September 28, 2012
On 28 September 2012 17:43, Rob T <rob@ucora.com> wrote:
> I am trying out gdc 4.7 branch with -fPIC, but the info I'm getting is that even with a successulf PIC build I will still not be able to reliably execute D functions directly from C/C++ code.
>
>
>> Old patch, which shows what needs to be done:
>>
>> https://bitbucket.org/goshawk/gdc/issue/166/add-shared-lib-support#comment-648329
>
>
> Does anyone know why patches like this are taking so [bleeping] long to get recognized and implemented?
>
> -rt
>

Because the [bleeping] runtime does not support running from a shared library.

-- 
Iain Buclaw

*(p < e ? p++ : p) = (c & 0x0f) + '0';
September 28, 2012
On Friday, 28 September 2012 at 17:07:16 UTC, Iain Buclaw wrote:
>
> Because the [bleeping] runtime does not support running from a shared library.

I suppose the answer is very complicated, but why can't the runtime execute as a shared lib? Is it a design limitation of the runtime model? This sort of problem should have been dealt with from the ground up, not now. What can be done to fix it, or is it a major redesign + re-write effort?

-rt
September 28, 2012
On Thursday, 27 September 2012 at 17:10:07 UTC, Jacob Carlborg wrote:
> Actually, I seriously doubt everything is working as expected.

I tried to check how TLS, EX, etc. (mostly exposed to dll issue) are working and here is some kind of test: https://github.com/mxfm/sharedtest. Unfortunately scope(exit) isn't executed when it is situated in a shared library and which calls some throwing function from another shared library. Unittests aren't working either. Regarding other parts - they seem to work.
September 28, 2012
On 28 September 2012 18:54, Rob T <rob@ucora.com> wrote:
> On Friday, 28 September 2012 at 17:07:16 UTC, Iain Buclaw wrote:
>>
>>
>> Because the [bleeping] runtime does not support running from a shared library.
>
>
> I suppose the answer is very complicated, but why can't the runtime execute as a shared lib? Is it a design limitation of the runtime model? This sort of problem should have been dealt with from the ground up, not now. What can be done to fix it, or is it a major redesign + re-write effort?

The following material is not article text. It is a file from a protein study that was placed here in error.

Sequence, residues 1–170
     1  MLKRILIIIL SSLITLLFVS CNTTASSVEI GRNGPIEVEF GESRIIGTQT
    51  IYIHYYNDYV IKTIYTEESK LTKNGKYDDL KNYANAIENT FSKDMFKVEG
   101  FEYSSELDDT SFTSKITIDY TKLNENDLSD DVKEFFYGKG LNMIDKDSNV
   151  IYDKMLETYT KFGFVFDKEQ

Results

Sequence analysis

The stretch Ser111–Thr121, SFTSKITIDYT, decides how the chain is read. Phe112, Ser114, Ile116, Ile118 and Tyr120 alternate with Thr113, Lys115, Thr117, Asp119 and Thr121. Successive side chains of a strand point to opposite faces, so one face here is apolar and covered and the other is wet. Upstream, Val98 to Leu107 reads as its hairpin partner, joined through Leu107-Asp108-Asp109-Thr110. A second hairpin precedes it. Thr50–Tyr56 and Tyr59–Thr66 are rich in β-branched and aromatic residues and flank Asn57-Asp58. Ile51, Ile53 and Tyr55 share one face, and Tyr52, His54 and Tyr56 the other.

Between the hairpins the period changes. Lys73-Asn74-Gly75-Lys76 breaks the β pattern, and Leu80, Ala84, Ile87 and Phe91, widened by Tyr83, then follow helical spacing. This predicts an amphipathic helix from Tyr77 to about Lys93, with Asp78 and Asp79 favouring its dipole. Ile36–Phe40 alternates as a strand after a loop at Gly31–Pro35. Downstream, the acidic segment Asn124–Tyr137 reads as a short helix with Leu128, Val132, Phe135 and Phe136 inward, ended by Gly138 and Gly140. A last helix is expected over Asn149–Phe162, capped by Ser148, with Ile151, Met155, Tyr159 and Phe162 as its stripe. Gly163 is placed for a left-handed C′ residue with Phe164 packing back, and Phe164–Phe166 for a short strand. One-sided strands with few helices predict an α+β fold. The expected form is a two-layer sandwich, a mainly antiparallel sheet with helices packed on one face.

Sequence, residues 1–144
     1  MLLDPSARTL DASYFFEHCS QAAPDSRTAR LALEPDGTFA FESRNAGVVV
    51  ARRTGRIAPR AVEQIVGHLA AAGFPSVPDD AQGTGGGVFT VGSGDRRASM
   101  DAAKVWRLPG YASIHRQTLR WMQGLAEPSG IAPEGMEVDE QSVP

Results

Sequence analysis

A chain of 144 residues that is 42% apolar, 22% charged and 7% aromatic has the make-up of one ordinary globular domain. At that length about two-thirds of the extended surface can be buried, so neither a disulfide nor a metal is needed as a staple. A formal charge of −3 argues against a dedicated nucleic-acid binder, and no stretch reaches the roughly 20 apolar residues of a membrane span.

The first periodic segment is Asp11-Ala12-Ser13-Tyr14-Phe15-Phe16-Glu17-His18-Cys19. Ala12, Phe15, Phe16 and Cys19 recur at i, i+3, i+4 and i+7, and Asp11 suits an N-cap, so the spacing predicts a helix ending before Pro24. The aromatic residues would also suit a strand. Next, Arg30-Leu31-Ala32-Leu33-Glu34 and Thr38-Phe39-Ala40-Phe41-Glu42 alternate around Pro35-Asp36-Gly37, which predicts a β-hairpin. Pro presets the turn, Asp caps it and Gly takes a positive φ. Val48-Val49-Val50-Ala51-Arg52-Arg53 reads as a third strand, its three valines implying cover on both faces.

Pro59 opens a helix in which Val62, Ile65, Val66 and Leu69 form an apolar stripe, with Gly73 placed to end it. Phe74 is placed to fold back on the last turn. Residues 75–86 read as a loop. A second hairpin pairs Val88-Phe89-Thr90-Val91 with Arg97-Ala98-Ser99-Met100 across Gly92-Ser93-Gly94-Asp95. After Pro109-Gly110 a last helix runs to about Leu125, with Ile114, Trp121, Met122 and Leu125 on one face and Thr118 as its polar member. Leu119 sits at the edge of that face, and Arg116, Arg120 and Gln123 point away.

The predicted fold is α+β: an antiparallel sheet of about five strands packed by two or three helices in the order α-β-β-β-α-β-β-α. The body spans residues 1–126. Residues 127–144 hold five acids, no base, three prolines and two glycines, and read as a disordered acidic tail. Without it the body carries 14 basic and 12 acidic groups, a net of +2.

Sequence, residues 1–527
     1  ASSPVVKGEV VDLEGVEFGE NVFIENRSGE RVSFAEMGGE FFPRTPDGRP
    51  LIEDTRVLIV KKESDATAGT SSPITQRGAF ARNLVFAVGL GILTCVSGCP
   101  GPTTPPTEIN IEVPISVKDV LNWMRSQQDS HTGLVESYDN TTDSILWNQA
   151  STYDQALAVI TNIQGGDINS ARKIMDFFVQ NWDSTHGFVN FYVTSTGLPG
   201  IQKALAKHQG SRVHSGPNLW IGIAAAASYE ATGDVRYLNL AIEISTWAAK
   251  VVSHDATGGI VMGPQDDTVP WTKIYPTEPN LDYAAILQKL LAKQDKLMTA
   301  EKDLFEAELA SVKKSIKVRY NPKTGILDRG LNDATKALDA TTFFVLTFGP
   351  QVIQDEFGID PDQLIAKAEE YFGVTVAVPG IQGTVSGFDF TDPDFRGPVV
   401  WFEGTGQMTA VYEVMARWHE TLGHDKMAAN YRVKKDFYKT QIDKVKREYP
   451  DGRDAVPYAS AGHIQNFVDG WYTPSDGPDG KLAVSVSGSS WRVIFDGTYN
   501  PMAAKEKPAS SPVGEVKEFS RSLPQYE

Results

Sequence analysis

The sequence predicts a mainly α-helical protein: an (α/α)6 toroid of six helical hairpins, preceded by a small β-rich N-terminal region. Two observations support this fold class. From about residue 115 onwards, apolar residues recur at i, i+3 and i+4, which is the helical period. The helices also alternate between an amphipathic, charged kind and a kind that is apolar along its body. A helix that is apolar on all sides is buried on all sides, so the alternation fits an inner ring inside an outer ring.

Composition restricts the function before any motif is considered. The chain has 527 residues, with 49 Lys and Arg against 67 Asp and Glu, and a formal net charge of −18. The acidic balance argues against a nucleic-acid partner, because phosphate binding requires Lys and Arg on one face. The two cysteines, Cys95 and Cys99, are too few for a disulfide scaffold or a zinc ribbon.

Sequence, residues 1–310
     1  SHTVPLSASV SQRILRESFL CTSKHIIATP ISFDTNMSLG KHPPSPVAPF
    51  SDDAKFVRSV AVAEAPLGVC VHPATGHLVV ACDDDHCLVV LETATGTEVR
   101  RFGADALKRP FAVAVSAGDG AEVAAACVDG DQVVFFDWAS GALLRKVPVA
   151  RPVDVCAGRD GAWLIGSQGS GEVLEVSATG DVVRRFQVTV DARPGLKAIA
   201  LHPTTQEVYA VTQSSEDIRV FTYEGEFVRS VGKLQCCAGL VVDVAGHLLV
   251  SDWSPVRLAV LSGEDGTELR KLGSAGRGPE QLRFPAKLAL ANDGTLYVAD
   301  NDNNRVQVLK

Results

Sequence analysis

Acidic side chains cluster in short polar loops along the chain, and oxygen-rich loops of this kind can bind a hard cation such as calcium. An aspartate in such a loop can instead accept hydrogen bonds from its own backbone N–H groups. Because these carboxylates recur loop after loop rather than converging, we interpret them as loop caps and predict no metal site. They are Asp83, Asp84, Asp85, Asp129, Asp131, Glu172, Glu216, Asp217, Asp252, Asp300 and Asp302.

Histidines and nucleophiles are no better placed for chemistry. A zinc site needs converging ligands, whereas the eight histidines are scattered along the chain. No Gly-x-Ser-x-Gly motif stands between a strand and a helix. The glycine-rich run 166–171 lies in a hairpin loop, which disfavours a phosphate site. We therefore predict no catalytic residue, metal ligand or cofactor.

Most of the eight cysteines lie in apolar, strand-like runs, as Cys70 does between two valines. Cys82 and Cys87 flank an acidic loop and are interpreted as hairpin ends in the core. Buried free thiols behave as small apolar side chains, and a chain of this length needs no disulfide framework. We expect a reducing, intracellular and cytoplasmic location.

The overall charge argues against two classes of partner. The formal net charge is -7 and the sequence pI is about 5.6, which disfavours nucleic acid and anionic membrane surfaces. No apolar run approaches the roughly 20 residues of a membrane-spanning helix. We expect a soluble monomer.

>
> -rt

The big implementation issue is that the runtime only passes two data ranges to the GC to scan. Global data segment and TLS data segment of the resultant binary/executable.  So any static data stored in shared libraries aren't scanned / recognised as data we want to keep. So the use of them may cause sudden unwanted collections.

The way I intend to address it is to have each module handle it's own gshared/thread data and pass the information to the D runtime during the module construction stage (.ctor) - there is already something done this way for _Dmodule_ref - so it may end up being that two new fields will be tacked onto it; void[] tlsdata, void[] gsharedata;


Regards
-- 
Iain Buclaw

*(p < e ? p++ : p) = (c & 0x0f) + '0';
September 29, 2012
On 2012-09-28 20:25, Maxim Fomin wrote:

> I tried to check how TLS, EX, etc. (mostly exposed to dll issue) are
> working and here is some kind of test:
> https://github.com/mxfm/sharedtest. Unfortunately scope(exit) isn't
> executed when it is situated in a shared library and which calls some
> throwing function from another shared library. Unittests aren't working
> either. Regarding other parts - they seem to work.

That's a fairly uninteresting test. You are linking to the dynamic library. What's interesting is loading a dynamic library using dlopen, or similar. What's the point of using dynamic libraries if you're linking with them?

-- 
/Jacob Carlborg
September 29, 2012
On 2012-09-28 19:54, Rob T wrote:

> I suppose the answer is very complicated, but why can't the runtime
> execute as a shared lib? Is it a design limitation of the runtime model?
> This sort of problem should have been dealt with from the ground up, not
> now. What can be done to fix it, or is it a major redesign + re-write
> effort?

See one of my other posts:

http://forum.dlang.org/thread/k3vfm9$1tq$1@digitalmars.com?page=3#post-k4219f:24uft:241:40digitalmars.com

-- 
/Jacob Carlborg
September 29, 2012
On Saturday, 29 September 2012 at 13:19:01 UTC, Jacob Carlborg wrote:
> That's a fairly uninteresting test.

I am not a D developer which means I have no incentive in blindly portraying D as a language having shared libraries support when in fact it has some issues. I am a D user which has incentive to gladly report which part of D does work (or seems to work) and which doesn't when making shared libraries.

> You are linking to the dynamic library. What's interesting is loading a dynamic library using dlopen, or similar. What's the point of using dynamic libraries if you're linking with them?

I was not taking about dynamic loading, but about dynamic linking. If I understand topic right, the issue is the former, not the latter.